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Can the Opposition get its act together?

March 14, 2018 09:40 IST

The least the Opposition can do, for India's sake, is try to offer one, says Mitali Saran.

Sharad Pawar, Mallikarjun Kharge and Rahul Gandhi at Sonia Gandhi's dinner on March 13, 2018 for Opposition leaders. Photograph: Kind courtesy @INCIndia/Twitter
IMAGE: Sharad Pawar, Mallikarjun Kharge and Rahul Gandhi at Sonia Gandhi's dinner on March 13, 2018 for Opposition leaders. Photograph: Kind courtesy @INCIndia/Twitter

Well here we are, staring at the smoking ruins of the Bharatiya Janata Party's election promises and trying to stop the ringing in our ears.

Indian voters are a cynical lot, used to having our hearts broken first by one party and then the next; but even by cynical standards, the distance between Mr Modi's promises and his delivery is impressive.

A recent piece by Shivam Vij in The Print points out the cleverness of election slogans like 'Achhe din' that suggest works in progress rather than hard deadlines, thus paving the road for Mr Modi to argue for more time in 2019.

But this road -- much like life -- is one long blind curve. If someone tells you that what you seek is always just beyond the horizon, it comes down to how much you believe it, and how long you're willing to travel.

At this point, a lot of Indians are fed up with the hardships and inconveniences of demonetisation and GST, and angered by the failings and cruelties of the Aadhaar fiasco.

We want answers to questions like 'How did Judge Loya die?' We ask 'Where are the jobs?' and want better answers than 'Sell pakodas.'

The name Modi now reminds us of Nirav Modi and Lalit Modi being allowed to make off with thousands of millions of rupees.

We see our institutions being destroyed, our press leashed and craven.

We see unemployment, barbaric mob killings, communal statements from government officials, mind-boggling corruption, and a joyless puritanism being pressed upon society.

We see education being replaced by brainwashing -- and to my mind, actively cheating young people out of their potential for empowered self-development constitutes this government's greatest sin.

It seems many people are looking for change. Today even BJP supporters are unhappy with their party.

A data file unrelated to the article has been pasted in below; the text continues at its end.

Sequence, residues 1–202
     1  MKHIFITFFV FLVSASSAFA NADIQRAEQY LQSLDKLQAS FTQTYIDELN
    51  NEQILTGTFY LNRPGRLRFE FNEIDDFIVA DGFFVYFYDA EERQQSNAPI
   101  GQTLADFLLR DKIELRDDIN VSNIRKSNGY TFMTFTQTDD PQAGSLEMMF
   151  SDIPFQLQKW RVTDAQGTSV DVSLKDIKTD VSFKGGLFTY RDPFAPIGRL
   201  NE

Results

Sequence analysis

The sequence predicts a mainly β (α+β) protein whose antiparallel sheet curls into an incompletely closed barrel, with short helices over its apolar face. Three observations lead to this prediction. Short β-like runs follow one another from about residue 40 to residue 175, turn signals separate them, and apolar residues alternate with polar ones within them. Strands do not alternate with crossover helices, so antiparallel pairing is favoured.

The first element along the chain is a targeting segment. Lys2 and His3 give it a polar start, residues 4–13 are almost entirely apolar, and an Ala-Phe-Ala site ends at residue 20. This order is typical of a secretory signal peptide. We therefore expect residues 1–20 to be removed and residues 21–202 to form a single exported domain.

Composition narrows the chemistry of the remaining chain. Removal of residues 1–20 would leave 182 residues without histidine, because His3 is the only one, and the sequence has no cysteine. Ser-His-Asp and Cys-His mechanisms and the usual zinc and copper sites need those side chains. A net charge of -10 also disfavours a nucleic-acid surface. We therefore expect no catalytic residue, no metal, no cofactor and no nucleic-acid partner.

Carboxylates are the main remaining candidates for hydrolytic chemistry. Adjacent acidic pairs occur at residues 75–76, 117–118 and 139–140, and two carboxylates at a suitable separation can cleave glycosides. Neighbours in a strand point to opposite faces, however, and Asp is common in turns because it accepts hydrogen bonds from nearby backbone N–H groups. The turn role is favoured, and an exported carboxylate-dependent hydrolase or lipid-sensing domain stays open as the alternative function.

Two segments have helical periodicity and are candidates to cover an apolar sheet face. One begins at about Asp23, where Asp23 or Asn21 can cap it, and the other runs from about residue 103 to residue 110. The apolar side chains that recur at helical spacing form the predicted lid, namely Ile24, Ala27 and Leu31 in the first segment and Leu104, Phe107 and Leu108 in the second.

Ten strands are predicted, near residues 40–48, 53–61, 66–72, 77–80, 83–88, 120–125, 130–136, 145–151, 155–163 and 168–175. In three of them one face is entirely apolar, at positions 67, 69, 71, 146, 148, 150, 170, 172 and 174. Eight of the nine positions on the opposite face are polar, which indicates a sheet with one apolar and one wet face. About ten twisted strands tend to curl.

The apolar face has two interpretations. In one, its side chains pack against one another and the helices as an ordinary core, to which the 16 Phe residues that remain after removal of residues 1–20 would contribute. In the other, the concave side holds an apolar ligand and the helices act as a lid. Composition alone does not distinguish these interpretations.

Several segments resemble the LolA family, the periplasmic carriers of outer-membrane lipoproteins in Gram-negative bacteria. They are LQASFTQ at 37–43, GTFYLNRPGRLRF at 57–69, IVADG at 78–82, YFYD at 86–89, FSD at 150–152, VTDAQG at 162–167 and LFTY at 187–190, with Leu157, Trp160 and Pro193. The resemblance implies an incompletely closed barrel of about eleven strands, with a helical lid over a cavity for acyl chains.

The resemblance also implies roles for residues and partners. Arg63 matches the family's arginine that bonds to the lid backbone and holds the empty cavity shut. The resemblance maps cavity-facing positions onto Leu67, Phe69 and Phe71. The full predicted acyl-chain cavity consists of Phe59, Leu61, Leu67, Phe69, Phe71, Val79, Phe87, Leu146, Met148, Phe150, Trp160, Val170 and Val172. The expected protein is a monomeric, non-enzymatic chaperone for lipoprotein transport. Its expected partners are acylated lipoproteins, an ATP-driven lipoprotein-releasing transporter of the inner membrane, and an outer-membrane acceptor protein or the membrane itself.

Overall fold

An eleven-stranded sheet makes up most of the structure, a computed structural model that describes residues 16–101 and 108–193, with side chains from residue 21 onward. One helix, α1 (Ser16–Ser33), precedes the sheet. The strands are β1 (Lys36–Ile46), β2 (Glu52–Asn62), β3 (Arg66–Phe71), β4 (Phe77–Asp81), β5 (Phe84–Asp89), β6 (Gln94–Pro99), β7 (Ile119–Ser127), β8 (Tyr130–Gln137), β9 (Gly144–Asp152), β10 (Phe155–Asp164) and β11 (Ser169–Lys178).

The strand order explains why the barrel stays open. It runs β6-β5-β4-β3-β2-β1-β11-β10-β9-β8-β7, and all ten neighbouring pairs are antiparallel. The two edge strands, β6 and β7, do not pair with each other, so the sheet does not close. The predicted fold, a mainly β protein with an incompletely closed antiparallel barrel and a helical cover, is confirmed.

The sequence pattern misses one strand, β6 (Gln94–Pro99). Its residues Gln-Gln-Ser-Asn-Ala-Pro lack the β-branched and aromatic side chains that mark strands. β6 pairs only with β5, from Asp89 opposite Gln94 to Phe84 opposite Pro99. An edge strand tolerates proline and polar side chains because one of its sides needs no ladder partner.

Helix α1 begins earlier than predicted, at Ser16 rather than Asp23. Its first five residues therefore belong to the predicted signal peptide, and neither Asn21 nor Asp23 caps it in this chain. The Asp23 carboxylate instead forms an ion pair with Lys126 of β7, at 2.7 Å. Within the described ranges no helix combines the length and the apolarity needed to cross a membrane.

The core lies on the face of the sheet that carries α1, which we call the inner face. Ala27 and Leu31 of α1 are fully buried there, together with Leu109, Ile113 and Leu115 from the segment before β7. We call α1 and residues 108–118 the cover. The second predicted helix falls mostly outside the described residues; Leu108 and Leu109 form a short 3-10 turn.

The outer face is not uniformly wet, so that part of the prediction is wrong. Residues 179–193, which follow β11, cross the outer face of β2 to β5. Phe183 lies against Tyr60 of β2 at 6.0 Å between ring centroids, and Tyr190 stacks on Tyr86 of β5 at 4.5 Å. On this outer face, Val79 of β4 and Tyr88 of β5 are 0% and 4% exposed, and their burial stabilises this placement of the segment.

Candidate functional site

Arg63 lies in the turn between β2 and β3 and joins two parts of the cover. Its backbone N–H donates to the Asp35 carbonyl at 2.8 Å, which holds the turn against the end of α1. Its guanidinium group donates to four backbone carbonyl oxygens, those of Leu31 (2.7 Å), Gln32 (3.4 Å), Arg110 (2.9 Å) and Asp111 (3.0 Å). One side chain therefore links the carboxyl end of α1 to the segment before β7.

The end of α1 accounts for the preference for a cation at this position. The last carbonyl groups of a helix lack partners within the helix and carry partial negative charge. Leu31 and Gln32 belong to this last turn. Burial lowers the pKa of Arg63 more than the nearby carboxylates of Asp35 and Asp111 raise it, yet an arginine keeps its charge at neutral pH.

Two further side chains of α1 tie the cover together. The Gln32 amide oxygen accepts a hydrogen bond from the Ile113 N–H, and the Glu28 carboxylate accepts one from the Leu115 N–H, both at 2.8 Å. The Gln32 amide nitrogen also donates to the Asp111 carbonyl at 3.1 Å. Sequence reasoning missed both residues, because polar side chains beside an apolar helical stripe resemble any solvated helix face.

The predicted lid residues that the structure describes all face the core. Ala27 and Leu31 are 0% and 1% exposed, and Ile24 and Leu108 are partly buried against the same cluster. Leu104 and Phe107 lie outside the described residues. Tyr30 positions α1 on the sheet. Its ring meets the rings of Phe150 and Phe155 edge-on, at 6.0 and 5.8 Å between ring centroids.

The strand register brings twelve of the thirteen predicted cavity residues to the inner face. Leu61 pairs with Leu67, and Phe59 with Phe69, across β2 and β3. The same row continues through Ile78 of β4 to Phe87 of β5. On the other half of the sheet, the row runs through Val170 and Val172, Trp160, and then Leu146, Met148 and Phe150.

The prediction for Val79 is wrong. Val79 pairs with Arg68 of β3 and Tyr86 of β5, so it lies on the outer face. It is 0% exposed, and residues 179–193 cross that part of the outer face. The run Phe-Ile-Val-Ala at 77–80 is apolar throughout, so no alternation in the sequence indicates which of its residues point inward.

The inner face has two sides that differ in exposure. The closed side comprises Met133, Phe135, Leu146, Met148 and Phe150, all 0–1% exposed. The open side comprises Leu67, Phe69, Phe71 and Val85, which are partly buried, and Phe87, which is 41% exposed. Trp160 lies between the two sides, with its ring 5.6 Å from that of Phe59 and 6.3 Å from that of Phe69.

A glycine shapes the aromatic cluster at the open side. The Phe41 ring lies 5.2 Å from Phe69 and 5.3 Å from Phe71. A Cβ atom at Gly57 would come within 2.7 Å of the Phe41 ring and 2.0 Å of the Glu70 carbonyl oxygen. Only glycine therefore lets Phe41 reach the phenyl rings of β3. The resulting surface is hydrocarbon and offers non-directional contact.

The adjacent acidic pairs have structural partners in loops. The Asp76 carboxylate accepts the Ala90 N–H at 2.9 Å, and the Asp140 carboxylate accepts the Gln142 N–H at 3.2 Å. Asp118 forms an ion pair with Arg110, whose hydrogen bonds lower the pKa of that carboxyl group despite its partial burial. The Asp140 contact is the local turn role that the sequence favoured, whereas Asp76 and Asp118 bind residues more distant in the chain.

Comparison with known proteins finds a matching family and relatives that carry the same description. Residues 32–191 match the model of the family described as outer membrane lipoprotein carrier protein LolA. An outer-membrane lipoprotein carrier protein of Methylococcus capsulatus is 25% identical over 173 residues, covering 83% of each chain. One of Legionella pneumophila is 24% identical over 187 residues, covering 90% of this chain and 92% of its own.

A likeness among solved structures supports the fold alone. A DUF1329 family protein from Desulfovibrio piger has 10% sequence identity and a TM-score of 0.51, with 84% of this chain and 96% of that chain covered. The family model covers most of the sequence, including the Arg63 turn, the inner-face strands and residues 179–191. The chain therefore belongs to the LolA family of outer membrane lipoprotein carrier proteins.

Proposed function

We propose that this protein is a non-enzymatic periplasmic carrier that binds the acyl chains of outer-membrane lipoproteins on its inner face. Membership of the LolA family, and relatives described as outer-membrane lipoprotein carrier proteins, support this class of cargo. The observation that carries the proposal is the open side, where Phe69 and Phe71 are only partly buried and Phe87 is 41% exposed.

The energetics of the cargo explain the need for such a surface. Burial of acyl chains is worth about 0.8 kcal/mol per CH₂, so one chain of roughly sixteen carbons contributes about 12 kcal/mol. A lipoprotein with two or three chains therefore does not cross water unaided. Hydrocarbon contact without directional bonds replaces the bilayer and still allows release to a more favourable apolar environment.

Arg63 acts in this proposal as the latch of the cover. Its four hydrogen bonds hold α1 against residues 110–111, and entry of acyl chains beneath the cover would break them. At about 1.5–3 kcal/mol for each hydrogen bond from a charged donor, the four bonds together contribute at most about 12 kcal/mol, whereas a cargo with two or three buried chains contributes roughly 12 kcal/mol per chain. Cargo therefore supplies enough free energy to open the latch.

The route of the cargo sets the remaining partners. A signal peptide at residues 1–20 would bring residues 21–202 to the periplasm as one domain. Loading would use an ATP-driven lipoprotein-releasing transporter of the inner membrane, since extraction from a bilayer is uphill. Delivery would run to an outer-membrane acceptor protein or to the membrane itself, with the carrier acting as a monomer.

They dislike Mr Modi's failure to deliver and his propensity for too much big talk; they resent his quasi-despotism and the fact that he surrounds himself with incompetent, insensitive people. GST and demonetisation are not popular.

And yet huge numbers of disillusioned citizens are saying, 'But what's the alternative?'

Other than its organisational chops, the BJP's sharpest weapon has been its spin and marketing machine. This machine built the prime minister's buoyant personal brand, though by now it is somewhat diminished.

This machine daily spins failure to look like success, stagnation to look like progress, and Hindutva to look like a correction of 'distorted history', though there is no better reality check than one's own wallet; people are wise to the online and WhatsApp industry of fake news.

This machine also did a fine job of discrediting the Opposition in the public mind, sometimes fairly, sometimes by repeating lies until they served as truth.

But the Congress cannot blame only the machine. The party was first stunned by its 2014 defeat, then directionless, then mousy. But even now that it shows signs of of real revitalisation -- more quickness and aggression, a compelling social media presence, and a decent showing in Gujarat, now that Rahul has shaken the 'Pappu' tag and is being taken seriously -- people remain wary of it, and sceptical of its intentions.

A friend reports that his BJP supporting friends are so frustrated, they say they wish that Rahul Gandhi would do better, so that they could vote for the Congress.

Forget BJP supporters -- legions of potential Congress voters reluctantly plan to hit NOTA in the voting booth.

The truth is that public memory of the United Progressive Alliance's dismal second term still festers, and the party has been unable to shake off the richly deserved opprobrium it attracted when it was in power.

Nobody wants the bad old days back. And the truth is also that it has never had a better opportunity to earn back voters' trust.

But for that it needs to look, feel, and smell like an alternative -- a real alternative, not just to Mr Modi's BJP, but also to the Congress' own worst past self, which sometimes looks suspiciously like Mr Modi's BJP.

The party currently has the advantage of the underdog: It can learn from its mistakes, course-correct, re-define and re-articulate its vision, and try to mean it.

To win back the disappointed Congress voter, it has to show her that the devil she knows has been to rehab, kicked its worst habits, and reoriented its priorities.

This time, when it comes home, it's not going to steal from her handbag, or neglect its chores, or let itself go.

Whether the Opposition will -- or can -- offer that alternative remains to be seen. But the least it can do, for the sake of India, is try.

And it would be a courtesy to all those disappointed BJP voters.

Mitali Saran
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